Gurney S Strong.

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was then engaged. The old homestead on the old
Cinder road has been the scene of many entertain-
ments given to the Indians by Cohongoronto. Mr.
Baldwin studied law in the office of Elisha Williams
and Judge Miller of Oneida county and of Thaddeus
M. Wood of Onondaga Valley. He was admitted to
the bar February 28, 1820. He practiced law at
Onondaga Valley till 182G, when, in company with
his law partner, Schuyler Strong, he removed to


Syracuse, opening an office in the east wing of the
Syracuse House. The remarkable foresight which
distinguished Mr. Baldwin is shown in this removal
from Onondaga Valley, at that time considered of
far more importance than the village of Syracuse.
But the grand canal celebration, given in honor of
Governor Clinton and suite on their first passage
down the canal, Nov. 1, 1825, convinced the young
man that Syracuse was destined to become the princi-
pal city. And he was soon followed by Elias W.
Leavenworth, B. Davis Noxon, James R. Lawrence
and other men prominent among the early settlers,
some of whom came with the removal of the Court
House in 1829.

The event in Harvey Baldwin's life which will
always keep his memory green was his celebrated
"hanging-garden speech," which made him the first
mayor of Syracuse. This speech* — the most sanguine,
hopeful, confident, regarding the future of Syracuse
that was ever delivered — subjected its author to un-
bounded ridicule and caused him to be looked upon
as a fool. But subsequent events have proven that
the man, who had traveled extensively through
Europe and this country, was wiser than his day and
generation. The speech was delivered in 1840, when
Syracuse had so wonderfully increased in size and
population that the subject of securing for it a city
charter began seriously to be discussed. There was

HAEVEY BALDWIN.— From a recent photo, of an old-fashioned ambro-type.


considerable difference of opinion among the inhabi-
tants as to the extent of territory that should be
embraced. Some were for including the whole origi-
nal Salt Springs Reservation, while others advocated
only the village of Syracuse. The matter finally
resulted in the grant of a charter in 1848 including
the villages of Syracuse and Salina, with the name
of Syracuse. In the following year the census showed
that the city's population was 16,000.

An attempt was made when Mr. Baldwin was the
Democratic candidate for Congress to stem this tide
of ridicule by saying : ' ' The description of the destiny •
of Syracuse, whether reality or vision, is a proud
dream. To some extent it may be visionary ; but it
is no more visionary than would have been twenty
years ago a description of Syracuse as she now really
is. He came here when there were but five or six
hundred inhabitants settled down in the midst of a
swamp." The speech is in part as follows :

' ' Were we permitted to indulge in visions of the
future, I would present a view of our village or city,
as it is to appear hereafter, when all of us who are
now on the busy stage of life shall be slumbering with
our fathers. It is a remarkable fact that everybody
away from our village,- foreign travelers and all, pre-
dict for us a higher destiny than we claim for our-
selves. It is universally conceded that we are to
become the great inland town of the State, and next


in size and importance to New York and Buffalo —
that we are to go on by rapid strides, increasing in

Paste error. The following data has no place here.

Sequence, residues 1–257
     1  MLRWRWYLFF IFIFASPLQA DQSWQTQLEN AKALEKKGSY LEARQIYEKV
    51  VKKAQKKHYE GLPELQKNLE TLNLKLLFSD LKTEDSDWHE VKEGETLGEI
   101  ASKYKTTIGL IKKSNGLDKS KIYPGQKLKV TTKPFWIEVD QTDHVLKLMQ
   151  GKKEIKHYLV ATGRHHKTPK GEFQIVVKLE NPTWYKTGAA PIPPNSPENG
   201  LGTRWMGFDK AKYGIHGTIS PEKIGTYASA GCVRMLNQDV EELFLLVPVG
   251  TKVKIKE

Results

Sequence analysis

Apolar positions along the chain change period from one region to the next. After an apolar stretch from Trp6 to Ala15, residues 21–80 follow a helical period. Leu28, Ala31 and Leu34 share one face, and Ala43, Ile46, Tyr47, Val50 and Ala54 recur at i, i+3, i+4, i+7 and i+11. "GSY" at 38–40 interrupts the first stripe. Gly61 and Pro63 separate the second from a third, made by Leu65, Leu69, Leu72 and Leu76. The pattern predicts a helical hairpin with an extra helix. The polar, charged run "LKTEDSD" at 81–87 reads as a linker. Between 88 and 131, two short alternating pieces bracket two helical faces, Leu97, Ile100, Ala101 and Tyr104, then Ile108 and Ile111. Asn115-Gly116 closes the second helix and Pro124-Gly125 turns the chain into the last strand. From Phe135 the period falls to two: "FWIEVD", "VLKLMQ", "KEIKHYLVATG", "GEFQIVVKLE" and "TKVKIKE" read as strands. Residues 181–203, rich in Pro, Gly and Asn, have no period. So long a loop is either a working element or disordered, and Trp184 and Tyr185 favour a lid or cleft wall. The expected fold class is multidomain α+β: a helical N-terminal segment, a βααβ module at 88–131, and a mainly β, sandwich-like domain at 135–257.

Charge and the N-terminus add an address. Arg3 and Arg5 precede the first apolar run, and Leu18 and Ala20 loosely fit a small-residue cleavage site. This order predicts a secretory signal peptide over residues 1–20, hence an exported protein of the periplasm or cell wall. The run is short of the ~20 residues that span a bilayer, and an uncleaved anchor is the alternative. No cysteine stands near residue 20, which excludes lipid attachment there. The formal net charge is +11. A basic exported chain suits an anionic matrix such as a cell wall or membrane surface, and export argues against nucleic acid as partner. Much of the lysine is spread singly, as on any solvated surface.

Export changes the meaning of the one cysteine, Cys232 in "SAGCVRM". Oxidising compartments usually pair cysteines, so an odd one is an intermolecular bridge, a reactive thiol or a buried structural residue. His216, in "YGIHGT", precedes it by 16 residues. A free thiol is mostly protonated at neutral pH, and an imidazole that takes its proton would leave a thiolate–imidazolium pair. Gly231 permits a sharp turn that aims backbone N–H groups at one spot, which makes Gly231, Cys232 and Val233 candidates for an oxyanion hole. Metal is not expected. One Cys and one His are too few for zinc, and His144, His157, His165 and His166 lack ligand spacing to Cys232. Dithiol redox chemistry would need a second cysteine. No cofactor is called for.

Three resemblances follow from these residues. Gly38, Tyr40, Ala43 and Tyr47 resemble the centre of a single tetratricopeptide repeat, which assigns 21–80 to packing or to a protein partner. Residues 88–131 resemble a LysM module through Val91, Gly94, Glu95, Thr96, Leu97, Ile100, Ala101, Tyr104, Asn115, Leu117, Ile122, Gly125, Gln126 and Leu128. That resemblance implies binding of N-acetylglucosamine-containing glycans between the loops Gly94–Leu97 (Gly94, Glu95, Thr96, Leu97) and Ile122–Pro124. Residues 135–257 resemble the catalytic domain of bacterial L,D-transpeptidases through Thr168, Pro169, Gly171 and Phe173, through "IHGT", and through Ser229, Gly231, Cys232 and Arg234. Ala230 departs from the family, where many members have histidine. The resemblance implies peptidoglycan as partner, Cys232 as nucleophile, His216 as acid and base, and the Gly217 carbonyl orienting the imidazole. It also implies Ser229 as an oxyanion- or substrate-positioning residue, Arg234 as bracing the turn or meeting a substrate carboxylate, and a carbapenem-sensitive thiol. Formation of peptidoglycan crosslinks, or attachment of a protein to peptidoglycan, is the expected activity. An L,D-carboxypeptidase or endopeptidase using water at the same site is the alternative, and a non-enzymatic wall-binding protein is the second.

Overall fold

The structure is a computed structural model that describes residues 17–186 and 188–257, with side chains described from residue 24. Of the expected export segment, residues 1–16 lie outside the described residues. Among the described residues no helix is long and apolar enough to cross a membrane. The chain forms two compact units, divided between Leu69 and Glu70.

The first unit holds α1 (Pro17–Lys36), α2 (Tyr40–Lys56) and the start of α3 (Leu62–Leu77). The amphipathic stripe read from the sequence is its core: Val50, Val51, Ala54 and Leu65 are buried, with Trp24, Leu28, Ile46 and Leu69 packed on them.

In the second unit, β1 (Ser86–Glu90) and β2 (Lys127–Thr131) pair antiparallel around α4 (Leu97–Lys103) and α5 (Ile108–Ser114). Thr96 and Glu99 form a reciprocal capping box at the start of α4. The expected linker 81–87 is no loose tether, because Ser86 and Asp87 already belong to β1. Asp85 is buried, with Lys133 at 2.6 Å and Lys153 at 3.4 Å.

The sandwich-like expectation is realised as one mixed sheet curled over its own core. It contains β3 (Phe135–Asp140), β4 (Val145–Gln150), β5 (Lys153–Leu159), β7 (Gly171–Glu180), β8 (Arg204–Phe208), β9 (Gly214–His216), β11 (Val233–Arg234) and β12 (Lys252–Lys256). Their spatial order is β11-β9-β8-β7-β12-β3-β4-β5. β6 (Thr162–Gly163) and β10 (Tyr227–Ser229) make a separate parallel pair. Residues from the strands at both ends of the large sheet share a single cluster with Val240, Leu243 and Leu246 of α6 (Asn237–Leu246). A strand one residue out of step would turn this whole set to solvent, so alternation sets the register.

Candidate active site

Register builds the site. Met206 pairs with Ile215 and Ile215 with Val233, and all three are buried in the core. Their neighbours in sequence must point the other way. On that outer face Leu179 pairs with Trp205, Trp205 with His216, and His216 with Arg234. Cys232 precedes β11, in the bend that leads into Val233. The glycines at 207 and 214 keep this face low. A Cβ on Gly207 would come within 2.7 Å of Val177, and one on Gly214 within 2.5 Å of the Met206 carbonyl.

population, until we shall number from 100,000 to
200,000. If past experience will throw any light upon
the subject, then may we fairly claim that the short
space of fifty years will give us a population of more
than 100,000 souls. Let us, sir, for a moment con-
template the city of Syracuse as she will then appear.
Immense structures of compact buildings will in every
direction cover this delightful plain, and every hill,
knoll and swell of ground be occupied by some stately
mansion or neat cottage.

"All bordering territory will have been brought
into a high and perfect state of cultivation, and our
beautiful lake, on all its beautiful shores and borders,
will present a view of one continuous villa, ornamented
with its shady groves and hanging gardens, and con-
nected by a wide and splendid avenue that shall
encircle its entire waters, and furnish a delightful
drive to the gay and prosperous citizens of the town,
who will, toward the close of each summer's day,
throng it for pleasure, relaxation or the improvement
of health. In every salt manufactory that studs its
shores will be seen the ponderous steam engine,
breathing forth its heated vapor, and by the same
power drawing rich treasure from the bowels of the
earth, and converting it into an article indispensable
to the human family ; while it drives a thousand


wheels and propels cotton, woolen and flouring mills,
and all the varied machinery known to man or that
may be by man's ingenuity designed and adopted to
his necessities and wants.

" Then, too, will be seen the magnificent steamers
of the ocean and of our inland seas arriving and
departing or lying at our extended wharves, receiv-
ing and discharging their heavy aud well assorted
cargoes ; and everywhere will be heard the hum of
its busy, thrifty and happy people. On yonder hill
will be seen the gilded dome of the stately and
massive capitol ; and pinnacles and spires towering
from the plain in every direction, pointing their
tall shafts towards heaven, as emblems of those
who worship beneath. What a beautiful view will
here burst upon the delighted traveler as he treads
the lofty deck of the ocean or lake steamer just
emerging from the slackened water and deepened
channel of the Oswego into our beautiful lake, or as
he is whirled with locomotive power and speed along
the numerous railways that on the east and west,
the north and south, approach the town. The ex-
tended city, with its hundred spires, pinnacles and
domes, its ascending smoke, vapor and dust, lies before